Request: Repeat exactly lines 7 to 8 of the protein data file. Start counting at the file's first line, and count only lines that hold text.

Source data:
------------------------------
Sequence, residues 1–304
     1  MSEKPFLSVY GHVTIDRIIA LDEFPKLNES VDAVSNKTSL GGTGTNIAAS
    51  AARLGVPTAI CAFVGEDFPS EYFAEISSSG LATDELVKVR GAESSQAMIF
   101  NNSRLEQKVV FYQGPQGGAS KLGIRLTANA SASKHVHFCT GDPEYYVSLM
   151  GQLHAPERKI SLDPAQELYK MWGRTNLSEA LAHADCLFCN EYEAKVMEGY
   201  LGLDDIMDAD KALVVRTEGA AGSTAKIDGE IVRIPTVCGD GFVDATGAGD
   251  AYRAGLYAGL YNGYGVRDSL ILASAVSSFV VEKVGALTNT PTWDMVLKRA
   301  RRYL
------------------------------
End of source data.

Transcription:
   251  AYRAGLYAGL YNGYGVRDSL ILASAVSSFV VEKVGALTNT PTWDMVLKRA
   301  RRYL